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Are you listening, USGA?

Phil Mickelson and Rory McIlroy have had their say on the upcoming US Open, with some subtle remarks about the course set-up at Shinnecock Hills.

The course set-up at US Opens has been the subject of serious scrutiny from players in recent years – from the green at Chambers Bay in 2015, to the length of the rough at Erin Hills last year – and the duo haven’t been shy in speaking out to put pressure on the organisation to get things right.

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When Mickelson, who finished runner-up at Shinnecock Hills in 2004, was asked about its seventh hole – deemed ‘unplayable’ in the final round 14 years ago – after finishing up at the Memorial Tournament, he said: “I think it’s a great hole until the USGA gets a hold of it. I’m concerned every time they get a hold of it. But I think it’s a great hole.”

Mike Davis

McIlroy, who blitzed the field at the 2011 US Open, added: “I think the USGA thinks we’re better than we actually are, if that makes sense. I think they overthink it. I think that, and I don’t want to single out [USGA executive director] Mike Davis, above, here. I think it’s a collective thought process.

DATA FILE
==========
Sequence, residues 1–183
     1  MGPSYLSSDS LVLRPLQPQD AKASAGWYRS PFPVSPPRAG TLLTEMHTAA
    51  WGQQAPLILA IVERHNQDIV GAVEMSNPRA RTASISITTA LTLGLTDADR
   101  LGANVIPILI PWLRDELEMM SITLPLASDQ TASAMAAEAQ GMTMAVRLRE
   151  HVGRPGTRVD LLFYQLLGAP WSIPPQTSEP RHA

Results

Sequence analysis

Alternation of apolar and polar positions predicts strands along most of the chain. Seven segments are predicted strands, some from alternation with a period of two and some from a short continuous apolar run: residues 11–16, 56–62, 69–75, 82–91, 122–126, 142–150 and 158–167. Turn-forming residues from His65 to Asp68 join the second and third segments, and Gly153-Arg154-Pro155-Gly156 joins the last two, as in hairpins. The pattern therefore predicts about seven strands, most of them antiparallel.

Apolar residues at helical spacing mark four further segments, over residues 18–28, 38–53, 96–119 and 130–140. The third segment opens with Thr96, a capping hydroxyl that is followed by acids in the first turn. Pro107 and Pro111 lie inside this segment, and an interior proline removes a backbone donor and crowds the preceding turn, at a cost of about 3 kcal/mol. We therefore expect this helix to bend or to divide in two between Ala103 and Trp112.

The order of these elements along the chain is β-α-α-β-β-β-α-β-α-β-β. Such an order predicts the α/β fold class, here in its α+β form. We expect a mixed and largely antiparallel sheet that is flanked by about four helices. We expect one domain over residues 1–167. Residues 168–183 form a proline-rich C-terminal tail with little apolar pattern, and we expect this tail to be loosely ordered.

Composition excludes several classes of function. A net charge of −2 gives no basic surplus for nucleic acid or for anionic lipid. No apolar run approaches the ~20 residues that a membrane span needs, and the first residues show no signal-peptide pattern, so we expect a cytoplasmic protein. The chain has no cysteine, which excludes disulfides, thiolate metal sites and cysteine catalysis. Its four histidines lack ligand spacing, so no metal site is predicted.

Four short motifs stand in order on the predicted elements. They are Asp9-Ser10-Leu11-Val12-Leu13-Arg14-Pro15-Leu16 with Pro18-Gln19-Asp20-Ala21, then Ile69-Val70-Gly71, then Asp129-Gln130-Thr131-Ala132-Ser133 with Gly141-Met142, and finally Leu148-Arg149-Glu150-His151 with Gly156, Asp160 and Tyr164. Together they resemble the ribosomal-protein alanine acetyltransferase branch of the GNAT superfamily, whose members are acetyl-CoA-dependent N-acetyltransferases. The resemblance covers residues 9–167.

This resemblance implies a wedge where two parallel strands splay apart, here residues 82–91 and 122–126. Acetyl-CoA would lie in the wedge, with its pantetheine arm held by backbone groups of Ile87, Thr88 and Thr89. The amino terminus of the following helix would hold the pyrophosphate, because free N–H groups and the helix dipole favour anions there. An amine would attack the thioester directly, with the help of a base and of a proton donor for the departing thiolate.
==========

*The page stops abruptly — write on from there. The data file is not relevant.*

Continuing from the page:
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“I don’t think it should be as much of an exact science to set up golf courses as it is. I mean, get the fairways sort of firm, grow the rough, put the pins in some tough locations, but fair, and let us go play.”

Speaking after his final round at the Memorial Tournament, McIlroy said he’s now going up to Shinnecock Hills, where he will spend the next two weeks. Mickelson, meanwhile, has already spent time up in the Hamptons and was impressed with what he saw.

Shinnecock Hills1

“When I was there last week, I think it’s the greatest set-up I’ve seen in a US Open,” he said. “The rough is brutal… but the fairways are so wide that a well-struck shot ends up in the fairway.

“I think that it will reward the best player as opposed to having luck be a big element on some of the bounces in the fairway, bounces around the green, how it comes out of the rough, so forth. Skill is going to be the primary factor.”

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